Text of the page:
By KAREN NEOH
The International Labour Office (ILO) and International Ergonomics Association (IEA) developed the Ergonomic Checkpoints mobile app, which provides best practice recommendations for implementing effective improvements in the workplace.
It also allows users to create interactive checklists of ergonomic checkpoints.
As there are 132 checkpoints, I thought we might share a select few in this first instalment.
For more detailed information on each, do go to the ILO website.
Space: Good fit
Make sure that the workplace accommodates the needs of different workers. Differences in body size and age, for example, may vary widely in any workplace.
Risks/symptoms: excessive reach, muscular strain, low-back pain, upper limb disorder, eye strain, repetitive strain, stress-induced disorder.
- Provide equipment and computer workstations with adjustable work surface height.
- Use a foot-stand to enable workers to reach items difficult for them to reach.
- Check knee and leg clearance of workstations used by the tallest worker – expand if necessary.
- Adjust table, chair, computer monitor and keyboard heights to preferred positions and arrange related computer peripherals within easy reach.
Use air-conditioning systems to provide an indoor climate conducive to the health and comfort of people.
Air conditioning is known to increase productivity, reduce accidents and absenteeism, and improve human relations.
Risks/symptoms: excessive heat or cold, thermal discomfort, upper limb disorder, stress-induced disorder, increased injury or illness rates, poor indoor air quality.
- Select the range of air temperature and humidity appropriate for the type of work.
- Avoid overcooling and uncomfortable draughts.
- Modify the position and parameters of the air-conditioning system and the direction of air flow by listening to the employees.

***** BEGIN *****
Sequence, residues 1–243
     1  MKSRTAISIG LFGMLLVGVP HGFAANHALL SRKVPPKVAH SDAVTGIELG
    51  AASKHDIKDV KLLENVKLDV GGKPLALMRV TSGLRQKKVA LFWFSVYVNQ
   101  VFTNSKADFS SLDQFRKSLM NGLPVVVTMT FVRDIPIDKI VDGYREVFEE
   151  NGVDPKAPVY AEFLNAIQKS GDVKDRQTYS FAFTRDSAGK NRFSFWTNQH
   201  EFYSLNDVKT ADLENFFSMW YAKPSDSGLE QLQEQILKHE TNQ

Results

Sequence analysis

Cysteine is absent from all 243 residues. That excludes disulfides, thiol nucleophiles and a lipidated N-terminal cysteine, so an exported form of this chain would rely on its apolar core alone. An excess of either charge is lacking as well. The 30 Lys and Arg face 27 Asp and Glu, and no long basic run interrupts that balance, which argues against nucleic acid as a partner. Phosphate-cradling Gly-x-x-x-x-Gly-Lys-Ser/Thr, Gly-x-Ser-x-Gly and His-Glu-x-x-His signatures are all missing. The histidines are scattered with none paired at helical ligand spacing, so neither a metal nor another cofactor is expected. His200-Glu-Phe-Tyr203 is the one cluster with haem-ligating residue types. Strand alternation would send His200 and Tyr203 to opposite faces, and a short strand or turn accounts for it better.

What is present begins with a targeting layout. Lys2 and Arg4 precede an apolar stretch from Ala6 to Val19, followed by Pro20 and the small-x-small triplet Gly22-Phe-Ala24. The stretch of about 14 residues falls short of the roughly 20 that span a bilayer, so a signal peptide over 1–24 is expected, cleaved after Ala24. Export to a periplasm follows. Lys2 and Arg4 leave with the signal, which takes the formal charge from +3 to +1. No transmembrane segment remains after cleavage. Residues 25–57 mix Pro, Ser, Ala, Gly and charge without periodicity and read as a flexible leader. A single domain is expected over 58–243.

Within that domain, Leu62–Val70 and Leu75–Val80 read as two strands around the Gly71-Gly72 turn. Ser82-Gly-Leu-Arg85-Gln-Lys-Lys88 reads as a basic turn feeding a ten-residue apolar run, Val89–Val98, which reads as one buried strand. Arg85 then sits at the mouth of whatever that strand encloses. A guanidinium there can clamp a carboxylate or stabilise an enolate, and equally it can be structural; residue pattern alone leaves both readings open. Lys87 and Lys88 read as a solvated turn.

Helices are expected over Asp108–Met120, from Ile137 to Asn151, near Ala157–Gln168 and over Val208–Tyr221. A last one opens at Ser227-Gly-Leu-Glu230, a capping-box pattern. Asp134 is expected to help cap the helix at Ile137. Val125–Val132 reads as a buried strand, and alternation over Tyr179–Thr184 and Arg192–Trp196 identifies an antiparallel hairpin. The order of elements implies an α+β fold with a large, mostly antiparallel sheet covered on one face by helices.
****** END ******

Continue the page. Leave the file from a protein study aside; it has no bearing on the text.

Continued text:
Sun: Let it in!
Increase the use of daylight and provide an outside view. Daylight is a cheap and environmentally friendly light source.
With daylight, the distribution of light in the workplace, as well as the efficiency and comfort of workers can be greatly improved.
Risks/symptoms: eye strain, excessive fatigue, increased injury rates.
- Combine daylight with artificial lights.
- Separate switches for different sections so that lights can be switched off in sections with enough daylight.
- Expand the size of windows; keep them clean and remove obstacles.
- Install skylights with semi-transparent material.
- In hot countries like Malaysia, orient windows and openings away from the direct heat of the sun, protect them from direct sunlight and UV (ultraviolet) radiation.
Light-coloured walls and ceilings create a comfortable and effective working environment. Producing higher room illumination, it is also energy saving.
Risks/symptoms: eye strain, increased injury rates.
- Use very light colour for ceilings, such as white (90% reflectivity) and a pale tint for walls (50–85% reflectivity).
- For well-distributed general lighting, use a combination of a white ceiling and lighting units with upward openings so that the ceiling reflects light.
Seats: What’s in a chair?
Provide adjustable chairs with a backrest. Good chairs reduce fatigue, improve work efficiency and increase job satisfaction.
Risks/symptoms: low-back pain, upper limb disorder, muscular strain, excessive fatigue.
- A suitable seat height at which we can sit with feet placed flat and comfortably on the floor and without any pressure to the back of the lower thigh.
- Do not forget to instruct all employees on how to adjust their chairs.
- In the absence of an adjustable chair, each employee should use a chair of correct height, or a footrest or seat cushion to attain the correct floor/seat height difference.
- A padded backrest can support the lowest part of the back at waist level (about 15–20cm above the seat surface).
Allow employees to alternate standing and sitting as it is less stressful, reduces fatigue and improves morale.
Risks/symptoms: repetitive strain, monotony, upper limb disorder, low-back pain, excessive fatigue, lack of acceptance.
- If your team works mainly in a sitting posture, opportunities should be provided for occasional standing, e.g. job rotation.
- For standing workers, provide chairs or stools for occasional sitting.
Karen is really energised when speaking to business leaders who see the light (that bright natural daylight!) and take steps to invest in their people holistically. Drop us a line or two in the comment box below or email us at email@example.com. For more Consulting Corner articles, click here.
Published in English daily The Star, Malaysia, 28 February 2015